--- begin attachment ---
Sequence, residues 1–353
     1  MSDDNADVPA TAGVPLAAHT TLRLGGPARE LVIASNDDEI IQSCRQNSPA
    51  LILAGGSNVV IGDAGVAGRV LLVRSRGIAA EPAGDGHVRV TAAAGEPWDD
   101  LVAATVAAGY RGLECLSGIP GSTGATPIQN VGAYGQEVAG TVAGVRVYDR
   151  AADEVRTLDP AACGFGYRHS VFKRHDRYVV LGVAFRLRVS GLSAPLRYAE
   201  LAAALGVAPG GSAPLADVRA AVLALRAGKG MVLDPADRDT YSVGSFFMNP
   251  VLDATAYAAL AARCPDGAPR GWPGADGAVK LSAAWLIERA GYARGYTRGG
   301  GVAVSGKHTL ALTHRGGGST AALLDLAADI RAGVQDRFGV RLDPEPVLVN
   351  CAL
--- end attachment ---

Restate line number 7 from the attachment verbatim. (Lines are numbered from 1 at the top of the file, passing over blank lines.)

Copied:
   251  VLDATAYAAL AARCPDGAPR GWPGADGAVK LSAAWLIERA GYARGYTRGG